A couple of weeks ago, the conservative media returned, en masse, to the Uranium One story after The Hill, a news organization that covers Capitol Hill, reported that the F.B.I., in 2009, “gathered substantial evidence that Russian nuclear industry officials were engaged in bribery, kickbacks, extortion and money laundering designed to grow Vladimir Putin’s atomic energy business inside the United States.” In Stone’s mind, a new Trump-appointed special prosecutor would investigate everybody connected to Uranium One, including Mueller, who was the director of the F.B.I. from 2001 to 2013. And that would make Mueller’s position untenable. “Mueller can’t be a special prosecutor when he himself is under investigation,” Stone told the Daily Caller, a conservative Web site. “Mueller is guilty of obstruction and cover up in Uranium One.”

Now, Stone is a dedicated troublemaker and controversialist. Over the weekend, Twitter suspended him after he attacked some media figures in a series of expletive-laden tweets. But while it is perhaps tempting to dismiss his proposal as half-baked fantasizing, he isn’t the only person in Trump’s orbit calling for an independent probe of the Uranium One deal. Indeed, the idea now has Kelly’s support. When Ingraham asked him if he supported the appointment of a special prosecutor to investigate both Uranium One and the infamous opposition-research dossier that a former British spy, Christopher Steele, produced about Donald Trump’s ties to Russia, Kelly replied, “I guess so . . . I think, probably, as a layman looking at this type of thing, we need to find someone who is very, very objective, who can get to the bottom of these accusations.”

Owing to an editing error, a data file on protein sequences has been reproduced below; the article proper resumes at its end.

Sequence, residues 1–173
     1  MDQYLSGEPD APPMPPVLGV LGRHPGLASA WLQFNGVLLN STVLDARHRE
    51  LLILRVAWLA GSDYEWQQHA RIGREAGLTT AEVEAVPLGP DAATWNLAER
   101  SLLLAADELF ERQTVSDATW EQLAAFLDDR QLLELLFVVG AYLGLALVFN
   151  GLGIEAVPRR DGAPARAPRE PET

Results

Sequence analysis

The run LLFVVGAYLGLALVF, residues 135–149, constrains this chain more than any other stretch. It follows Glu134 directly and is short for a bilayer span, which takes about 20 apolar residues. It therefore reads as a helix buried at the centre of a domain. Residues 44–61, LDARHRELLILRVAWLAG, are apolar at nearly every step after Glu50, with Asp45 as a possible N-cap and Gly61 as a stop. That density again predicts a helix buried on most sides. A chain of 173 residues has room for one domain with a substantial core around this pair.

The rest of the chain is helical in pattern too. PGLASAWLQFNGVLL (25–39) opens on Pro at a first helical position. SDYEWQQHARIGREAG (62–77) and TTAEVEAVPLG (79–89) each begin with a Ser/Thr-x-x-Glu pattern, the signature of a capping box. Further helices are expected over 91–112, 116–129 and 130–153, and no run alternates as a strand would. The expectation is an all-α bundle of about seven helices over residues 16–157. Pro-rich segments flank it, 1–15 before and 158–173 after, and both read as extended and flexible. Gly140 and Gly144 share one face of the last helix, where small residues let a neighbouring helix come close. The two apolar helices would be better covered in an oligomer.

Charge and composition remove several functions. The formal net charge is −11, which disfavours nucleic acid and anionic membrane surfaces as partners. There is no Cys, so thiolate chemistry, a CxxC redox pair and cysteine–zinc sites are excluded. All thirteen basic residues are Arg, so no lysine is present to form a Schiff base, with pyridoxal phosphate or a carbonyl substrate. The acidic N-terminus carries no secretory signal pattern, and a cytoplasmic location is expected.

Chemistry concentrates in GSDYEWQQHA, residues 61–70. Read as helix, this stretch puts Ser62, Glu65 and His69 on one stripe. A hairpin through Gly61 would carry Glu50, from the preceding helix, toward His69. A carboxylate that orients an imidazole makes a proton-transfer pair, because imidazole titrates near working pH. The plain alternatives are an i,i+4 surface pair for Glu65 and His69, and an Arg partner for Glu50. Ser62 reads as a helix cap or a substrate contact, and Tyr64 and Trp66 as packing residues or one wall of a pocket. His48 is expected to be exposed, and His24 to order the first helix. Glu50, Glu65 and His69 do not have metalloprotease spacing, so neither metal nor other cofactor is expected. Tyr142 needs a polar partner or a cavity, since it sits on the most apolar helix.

If we take Kelly’s words seriously (and there doesn’t seem any reason not to), Trump may be about to adopt a dual strategy. Officially, he would continue to coöperate with Mueller’s investigation, avoiding any overtly critical comments about it. At the same time, though, he would look to create a huge distraction in the form of a new probe targeting Democrats—one that could even raise questions about Mueller’s continued role. This wacky scheme would represent a Hail Mary pass rather than a fully thought-out strategy, but desperate times call for desperate measures. In his comments to the Daily Caller, Stone said that his plan represents Trump’s “only chance for survival.”